A Note from the Chair

Professor McRuer in the late night sun
of Copenhagen, Denmark

August does have a way of sneaking up on us!  It’s hard to believe that classes at The George Washington University start three weeks from today, on Monday, August 31.  Our faculty, as usual, has been hard at work over the summer.  We’ve been in England, Scotland, India, New Zealand, Germany, Spain, Taiwan, Turkey and numerous other places over the past few months.  Most of this travel is connected to research projects that we are working on or conferences we are attending; the GW English Department faculty is often in hot demand for plenary talks, keynote presentations, and workshops.  We hope to fill you in on some of our summer projects and travels in the coming months.

We’re getting ready for what promises to be another noteworthy academic year.  Indeed, the faculty will meet again in late August for our second annual retreat to talk about all the ways we hope to make Academic Year 2015-2016 one of our best years ever for our undergraduate majors, our graduate program, our alums, our colleagues across the university, and our friends in the community.  It’s my final year as Department Chair and so I am especially committed to working hard to make this a memorable one.  Alums, please remember that we love to tell your stories here; Professor Margaret Soltan remains the alumni liaison for this blog for the coming semester and will be very happy to hear of your success and adventures and feature them here.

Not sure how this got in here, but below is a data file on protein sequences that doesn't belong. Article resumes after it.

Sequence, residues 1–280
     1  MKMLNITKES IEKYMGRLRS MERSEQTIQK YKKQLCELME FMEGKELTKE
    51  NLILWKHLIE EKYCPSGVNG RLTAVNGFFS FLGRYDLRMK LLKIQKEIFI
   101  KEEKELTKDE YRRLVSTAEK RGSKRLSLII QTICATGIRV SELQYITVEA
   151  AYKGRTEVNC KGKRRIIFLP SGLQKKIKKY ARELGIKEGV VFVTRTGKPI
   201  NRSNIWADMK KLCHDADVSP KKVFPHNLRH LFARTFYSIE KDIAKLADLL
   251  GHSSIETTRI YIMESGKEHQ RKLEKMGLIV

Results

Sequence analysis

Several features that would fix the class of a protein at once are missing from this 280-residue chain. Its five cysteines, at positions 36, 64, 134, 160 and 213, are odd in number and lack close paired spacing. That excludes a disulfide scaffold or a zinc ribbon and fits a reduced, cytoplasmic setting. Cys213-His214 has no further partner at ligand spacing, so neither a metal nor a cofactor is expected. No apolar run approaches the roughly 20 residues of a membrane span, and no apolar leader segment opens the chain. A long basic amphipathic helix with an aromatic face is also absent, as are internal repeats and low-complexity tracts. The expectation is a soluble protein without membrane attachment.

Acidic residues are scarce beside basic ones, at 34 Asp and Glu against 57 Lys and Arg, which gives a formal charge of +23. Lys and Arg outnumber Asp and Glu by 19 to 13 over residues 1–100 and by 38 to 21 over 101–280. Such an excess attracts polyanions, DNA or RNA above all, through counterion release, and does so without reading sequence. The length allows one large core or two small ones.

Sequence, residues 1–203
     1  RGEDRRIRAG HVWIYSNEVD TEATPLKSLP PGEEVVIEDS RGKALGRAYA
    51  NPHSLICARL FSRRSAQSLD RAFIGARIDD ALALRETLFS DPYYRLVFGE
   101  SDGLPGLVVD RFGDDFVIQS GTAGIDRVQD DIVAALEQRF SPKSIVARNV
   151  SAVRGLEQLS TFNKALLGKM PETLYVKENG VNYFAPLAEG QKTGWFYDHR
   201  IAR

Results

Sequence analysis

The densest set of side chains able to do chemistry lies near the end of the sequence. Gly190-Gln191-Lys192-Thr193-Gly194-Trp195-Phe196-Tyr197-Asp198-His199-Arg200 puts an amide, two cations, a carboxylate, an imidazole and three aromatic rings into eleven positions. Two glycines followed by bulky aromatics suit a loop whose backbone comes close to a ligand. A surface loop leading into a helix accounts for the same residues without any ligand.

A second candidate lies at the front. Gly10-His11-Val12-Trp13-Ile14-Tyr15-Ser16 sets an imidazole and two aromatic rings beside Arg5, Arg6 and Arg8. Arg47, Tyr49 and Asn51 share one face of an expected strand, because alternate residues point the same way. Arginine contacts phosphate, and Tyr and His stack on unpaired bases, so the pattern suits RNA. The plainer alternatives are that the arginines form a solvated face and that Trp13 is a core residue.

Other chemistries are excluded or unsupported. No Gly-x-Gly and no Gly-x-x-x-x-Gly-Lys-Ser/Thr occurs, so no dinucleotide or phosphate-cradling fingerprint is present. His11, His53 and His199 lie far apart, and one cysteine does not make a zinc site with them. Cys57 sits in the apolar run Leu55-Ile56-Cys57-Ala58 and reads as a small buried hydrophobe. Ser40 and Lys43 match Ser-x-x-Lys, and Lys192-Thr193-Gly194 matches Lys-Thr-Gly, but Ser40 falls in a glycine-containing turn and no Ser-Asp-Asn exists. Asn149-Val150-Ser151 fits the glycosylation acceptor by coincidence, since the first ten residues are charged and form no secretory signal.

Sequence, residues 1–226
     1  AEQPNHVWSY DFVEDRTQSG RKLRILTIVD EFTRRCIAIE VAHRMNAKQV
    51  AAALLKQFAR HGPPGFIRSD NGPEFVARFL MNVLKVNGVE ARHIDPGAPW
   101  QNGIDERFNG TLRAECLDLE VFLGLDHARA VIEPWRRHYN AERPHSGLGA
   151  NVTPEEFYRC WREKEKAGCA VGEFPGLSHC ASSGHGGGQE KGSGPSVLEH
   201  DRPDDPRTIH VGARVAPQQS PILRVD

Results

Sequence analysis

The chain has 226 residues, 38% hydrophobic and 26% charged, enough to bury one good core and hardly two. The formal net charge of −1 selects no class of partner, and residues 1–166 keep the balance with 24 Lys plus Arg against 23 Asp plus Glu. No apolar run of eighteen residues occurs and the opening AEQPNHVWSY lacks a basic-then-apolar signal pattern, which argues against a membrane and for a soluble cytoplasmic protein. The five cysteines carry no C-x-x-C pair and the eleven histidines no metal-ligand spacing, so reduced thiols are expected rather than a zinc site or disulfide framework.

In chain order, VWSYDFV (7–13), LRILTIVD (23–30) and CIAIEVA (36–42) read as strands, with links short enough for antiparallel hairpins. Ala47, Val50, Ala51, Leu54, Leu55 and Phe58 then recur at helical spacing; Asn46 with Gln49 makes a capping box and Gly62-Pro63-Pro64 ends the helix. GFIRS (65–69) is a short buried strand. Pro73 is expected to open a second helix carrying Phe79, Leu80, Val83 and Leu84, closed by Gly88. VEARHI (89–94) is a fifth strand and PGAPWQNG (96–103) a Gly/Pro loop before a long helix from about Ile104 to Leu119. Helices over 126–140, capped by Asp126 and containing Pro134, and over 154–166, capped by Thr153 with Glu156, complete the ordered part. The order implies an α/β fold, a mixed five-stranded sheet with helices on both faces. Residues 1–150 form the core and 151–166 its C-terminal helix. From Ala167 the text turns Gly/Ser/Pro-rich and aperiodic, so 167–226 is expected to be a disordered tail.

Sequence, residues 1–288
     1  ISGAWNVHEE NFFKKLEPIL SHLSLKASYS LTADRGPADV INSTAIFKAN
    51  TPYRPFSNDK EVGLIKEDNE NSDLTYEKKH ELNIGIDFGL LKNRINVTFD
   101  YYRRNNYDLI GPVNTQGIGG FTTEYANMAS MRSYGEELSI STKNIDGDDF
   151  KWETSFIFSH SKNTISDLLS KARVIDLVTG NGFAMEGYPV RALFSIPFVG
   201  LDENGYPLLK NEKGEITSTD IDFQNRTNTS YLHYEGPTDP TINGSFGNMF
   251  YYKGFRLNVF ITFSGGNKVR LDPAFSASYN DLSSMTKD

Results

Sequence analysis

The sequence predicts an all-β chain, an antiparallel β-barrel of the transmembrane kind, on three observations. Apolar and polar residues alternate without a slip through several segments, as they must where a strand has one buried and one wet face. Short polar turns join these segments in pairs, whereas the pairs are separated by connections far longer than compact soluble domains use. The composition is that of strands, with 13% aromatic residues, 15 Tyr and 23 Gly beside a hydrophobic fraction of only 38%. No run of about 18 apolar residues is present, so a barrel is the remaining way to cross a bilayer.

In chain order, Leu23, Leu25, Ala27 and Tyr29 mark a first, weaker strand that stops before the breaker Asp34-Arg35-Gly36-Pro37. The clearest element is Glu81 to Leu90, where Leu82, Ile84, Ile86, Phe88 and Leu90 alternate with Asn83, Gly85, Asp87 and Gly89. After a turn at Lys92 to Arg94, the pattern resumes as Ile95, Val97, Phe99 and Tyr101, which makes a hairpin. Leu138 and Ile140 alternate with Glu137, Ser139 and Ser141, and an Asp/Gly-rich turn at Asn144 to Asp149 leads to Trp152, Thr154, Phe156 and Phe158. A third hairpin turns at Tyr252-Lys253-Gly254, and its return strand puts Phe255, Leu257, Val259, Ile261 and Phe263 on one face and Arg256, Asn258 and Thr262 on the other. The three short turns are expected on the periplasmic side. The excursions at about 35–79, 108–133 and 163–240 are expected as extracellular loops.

The loss of our dear friend and colleague James A. Miller has been very painful for our department and for our colleagues in American Studies and Africana Studies, where Professor Miller also held appointments.  We look forward to gathering with the GW and Washington, DC communities on September 11 for “A Celebration of the Work of James A. Miller,” which will be the department’s first major event for the year.  A previous blog post here provides you with the schedule for the day; please spread the word about this important event.